Shell Faces Lawsuit Over ‘Pollution Events’ at Cracker Plant

MONACA, Pa. – Two environmental groups filed a complaint in federal court Thursday against Shell Chemical Appalachia LLC, alleging its Beaver County petrochemical complex has “repeatedly violated, is violating, and will continue to violate” the Clean Air Act, the Pennsylvania Air Pollution Control Act and other measures.

The Environmental Integrity Project and Clean Air Council filed the lawsuit in U.S. District Court for the Western District of Pennsylvania, charging that the Shell plant has violated air pollution standards and poses a public health risk.

“Shell’s persistent law-breaking must end,” Joseph Minott, executive director of the Clean Air Council, said in a press release announcing the lawsuit. “The community will not tolerate dangerous pollution events that risk the health of families across Beaver County and beyond.”

Shell Chemical operates a sprawling ethane “cracker” plant near Monaca, Pa., on 800 acres along the Ohio River.  The approximately $6 billion petrochemical complex processes ethane gas into polyethylene pellets that are used in most plastic products. Shell selected the site because of its proximity to a readily available stock of natural gas in the Utica and Marcellus shale plays.

Shell announced the start of commercial operations in November 2022, after a six-year construction phase that employed thousands of tradesmen.

According to the complaint, the ethane cracker plant has violated emission standards that must be met on a 12-month rolling basis. The plant’s flares and wastewater treatment plant, for example, have released harmful pollutants, including nitrogen oxide, volatile organic compounds, particulate matter and carbon monoxide, the lawsuit says.

These materials, the complaint states, could lead to breathing and respiratory disorders, skin rashes, headaches, nausea and ear, nose and throat irritation. Volatile organic compounds such as benzene are carcinogens, the complaint reads.

The complaint states that the U.S. Environmental Protection Agency has not properly enforced Shell’s compliance with the Clean Air Act or the Pennsylvania Air Pollution Control Act, prompting the lawsuit.

According to the Clean Air Council, the Pennsylvania Department of Environmental Protection shows Shell was given 12 notices of air pollution violations since January 2022, “but no enforcement actions or penalties from the state.”

During that same period, Shell submitted 39 reports of malfunctions at the plant, including a flaring incident on Feb. 13, 2023, that released flames and plumes of black smoke for several hours, the council said.

Among the more recent issues at the plant occurred on April 11, when a malfunction at the plant’s wastewater treatment system led to the release of high levels of benzene, according to the complaint.

The air monitors measured benzene as high as 185 micrograms per cubic meter – which is more than six times higher than federal guidelines for short-term exposure to this pollutant, the council said.

Local residents reported strong odors, headaches, watery eyes, irritated throats and nausea during the benzene release incident.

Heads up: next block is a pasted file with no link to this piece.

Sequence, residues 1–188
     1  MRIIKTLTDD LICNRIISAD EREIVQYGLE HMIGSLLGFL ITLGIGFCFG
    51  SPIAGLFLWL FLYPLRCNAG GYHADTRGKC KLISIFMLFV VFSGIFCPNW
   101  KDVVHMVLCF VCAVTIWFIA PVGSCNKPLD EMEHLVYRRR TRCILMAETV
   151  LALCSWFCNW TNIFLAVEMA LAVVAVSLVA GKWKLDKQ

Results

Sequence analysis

“The council’s members are concerned about the impact of the plant’s illegal pollution on their health and the health of their families,” the complaint says.  In some cases, the lawsuit states, residents have suffered headaches or felt nauseous when subjected to odors from the plant.

One member, the lawsuit adds, has delayed starting a family “due to illegal pollution at the plant,” while others “fear they may be forced to move away from their current home due to impacts they and their families experience from illegal pollution from the plant.”

Earlier this month, Shell CEO Wael Sawan said on a conference call with analysts that the problems related to the Pennsylvania cracker plant were “technical niggles.”

The plant is currently shut down while Shell reviews issues associated with the flare system.

Shell spokesman Curtis Thomas said in a statement late Thursday that the company is “continuing to work rapidly to improve facilities and operations to address these issues in conjunction with the Pennsylvania Department of Environmental Protection.”

Thomas added that Shell is also committed to all county, state and federal regulations. “And when there is an issue, we work to fix it,” he said. “We learn from those issues and work to improve so that we can be the good environmental steward, neighbor, and business partner this region wants and deserves.”

The plaintiffs want the court to order Shell to “take all actions necessary” to obey federal and state law, asses civil penalties of up to $117,468 per day for each violation of the Clean Air Act, assess penalties of $25,000 per day, per violation, of the Pennsylvania Air Pollution Control Act and enjoin Shell from operating the plant unless it is compliant with the CAA and the APCA, the complaint states.

The environmental groups in February provided Shell with intent to sue letters related to the alleged violations, the lawsuit notes.

“Shell received $1.6 billion in taxpayer subsidies from the state to build this plant, said Sarah Kula, attorney for the Environmental Integrity Project. “The very least this international corporation can do is to follow the law and not make Pennsylvania taxpayers breathe in their illegal pollution.”

Pictured at top: The Shell ethane “cracker” plant sits on 800 acres along the Ohio River.

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